Two years after the Pentagon set out to spend billions on 10 breakthrough research and engineering efforts, defense contractors instead are putting most of their money in less ambitious research projects. The development gap between the military and its suppliers troubled investigators at the Government Accountability Office, or GAO, who determined in a report released Thursday that the Defense Department isn’t keeping good watch over those private efforts and doesn’t know how much of it would fit into the military’s tech goals.
The Pentagon’s undersecretary for research and engineering in 2018 laid out several big idea research areas that would be most relevant to maintaining an edge on China or Russia. Many are in the very early stages of maturation; the biggest breakthroughs are expected in the second half of the coming decade.
They are: artificial intelligence, autonomy, biotechnology, directed energy, space, cyber, microelectronics, hypersonics, networked command and control, and quantum science. These areas of the future will go on to determine technology superiority in 2030, and the Department of Defense is eager to invest . It plans to spend $7.5 billion on artificial intelligence, autonomy, hypersonics, and directed energy this year, according to the report.
But GAO found that defense contractors in the past four years have been putting only 40 percent of their independent research dollars, sometimes called IR&D, against those priorities. Coincidently, “our analysis also showed that the majority (67 percent) of IR&D projects completed between 2014 and 2018 focused on incremental, rather than disruptive, innovation.”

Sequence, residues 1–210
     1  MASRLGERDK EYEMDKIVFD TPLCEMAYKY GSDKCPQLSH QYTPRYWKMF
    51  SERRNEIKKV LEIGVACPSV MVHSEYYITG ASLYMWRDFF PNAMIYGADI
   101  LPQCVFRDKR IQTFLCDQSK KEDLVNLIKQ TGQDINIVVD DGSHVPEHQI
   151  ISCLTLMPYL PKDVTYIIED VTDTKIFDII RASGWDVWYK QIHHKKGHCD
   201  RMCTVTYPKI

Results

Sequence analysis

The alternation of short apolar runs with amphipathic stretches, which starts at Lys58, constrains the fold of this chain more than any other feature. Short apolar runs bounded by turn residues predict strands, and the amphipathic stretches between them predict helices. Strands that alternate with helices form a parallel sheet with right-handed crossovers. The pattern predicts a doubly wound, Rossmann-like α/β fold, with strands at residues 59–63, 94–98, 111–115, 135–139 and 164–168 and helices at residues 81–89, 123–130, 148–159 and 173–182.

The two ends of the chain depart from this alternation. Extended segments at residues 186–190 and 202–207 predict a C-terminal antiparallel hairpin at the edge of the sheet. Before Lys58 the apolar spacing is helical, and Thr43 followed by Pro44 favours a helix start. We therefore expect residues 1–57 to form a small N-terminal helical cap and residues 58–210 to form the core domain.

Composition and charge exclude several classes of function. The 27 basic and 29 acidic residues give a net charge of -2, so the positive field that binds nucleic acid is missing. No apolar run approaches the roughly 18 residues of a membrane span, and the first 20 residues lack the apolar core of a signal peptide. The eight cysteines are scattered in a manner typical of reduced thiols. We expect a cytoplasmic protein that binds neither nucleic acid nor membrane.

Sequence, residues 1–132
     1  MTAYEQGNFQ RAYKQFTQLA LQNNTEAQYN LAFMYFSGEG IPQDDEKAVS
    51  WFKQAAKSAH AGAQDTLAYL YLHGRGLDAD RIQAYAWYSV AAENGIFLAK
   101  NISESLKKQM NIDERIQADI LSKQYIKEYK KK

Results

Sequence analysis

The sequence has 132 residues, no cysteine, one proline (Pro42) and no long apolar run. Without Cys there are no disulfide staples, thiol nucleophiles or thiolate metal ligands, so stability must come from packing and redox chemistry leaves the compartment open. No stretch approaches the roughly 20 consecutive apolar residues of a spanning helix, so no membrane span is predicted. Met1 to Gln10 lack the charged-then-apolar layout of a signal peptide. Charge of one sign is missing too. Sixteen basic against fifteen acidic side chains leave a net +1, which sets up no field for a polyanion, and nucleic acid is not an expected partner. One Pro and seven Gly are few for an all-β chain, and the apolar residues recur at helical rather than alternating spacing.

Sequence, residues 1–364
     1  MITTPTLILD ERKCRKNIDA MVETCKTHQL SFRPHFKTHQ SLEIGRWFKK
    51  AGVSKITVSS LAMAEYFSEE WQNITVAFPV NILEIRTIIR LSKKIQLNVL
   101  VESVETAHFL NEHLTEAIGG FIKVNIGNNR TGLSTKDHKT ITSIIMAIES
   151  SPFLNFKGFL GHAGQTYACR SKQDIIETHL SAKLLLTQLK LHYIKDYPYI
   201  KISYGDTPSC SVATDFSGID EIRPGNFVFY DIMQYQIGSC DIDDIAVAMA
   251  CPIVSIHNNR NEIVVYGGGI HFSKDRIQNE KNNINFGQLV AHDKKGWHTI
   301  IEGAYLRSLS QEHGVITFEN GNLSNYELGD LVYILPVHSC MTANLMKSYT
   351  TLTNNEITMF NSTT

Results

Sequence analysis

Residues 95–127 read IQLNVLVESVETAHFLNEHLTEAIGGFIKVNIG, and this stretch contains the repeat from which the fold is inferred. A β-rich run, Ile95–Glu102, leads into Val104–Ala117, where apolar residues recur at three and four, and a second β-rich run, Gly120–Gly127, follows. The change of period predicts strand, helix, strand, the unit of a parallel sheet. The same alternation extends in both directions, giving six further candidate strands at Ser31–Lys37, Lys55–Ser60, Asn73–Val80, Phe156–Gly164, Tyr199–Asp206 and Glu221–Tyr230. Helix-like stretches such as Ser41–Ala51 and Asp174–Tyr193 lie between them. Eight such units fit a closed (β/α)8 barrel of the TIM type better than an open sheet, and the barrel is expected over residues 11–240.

In other words, while defense contractors are spending some of their money on big ambitious goals, they prefer to spend more on low-hanging fruit, in little improvements to existing technologies that they can sell to the government more easily.
Part of the reason for the apparent spending priority gap may be that the Defense Department doesn’t track contractors’ research and development spending very well. “Neither DOD nor the military departments review industry IR&D projects as part of their science and technology strategic planning processes. DOD is not reviewing IR&D projects because DOD’s IR&D instruction does not require such consideration of the projects,” notes GAO.
The Defense Department maintains a database to track the projects where contractors are spending research money. But individuals within the department make very little use of it. “For example… the Air Force accounted for more than 55 percent of all searches in 2019, primarily, from users with the Air Force Research Laboratory (AFRL).” The Pentagon’s own lack of awareness could result in components, offices, or other parts of the military investing in research projects without knowing that a private company has a similar project underway.
GAO recommends a few simple things to put the Pentagon and contractors more on the same page. First, make it mandatory for personnel in the office undersecretary of research and development to actually review defense industry IR&D; and, second, make the database more useful by asking the contractors to submit more data, like whether the projects they are undertaking are disruptive or just incremental, and the estimated cost when completed.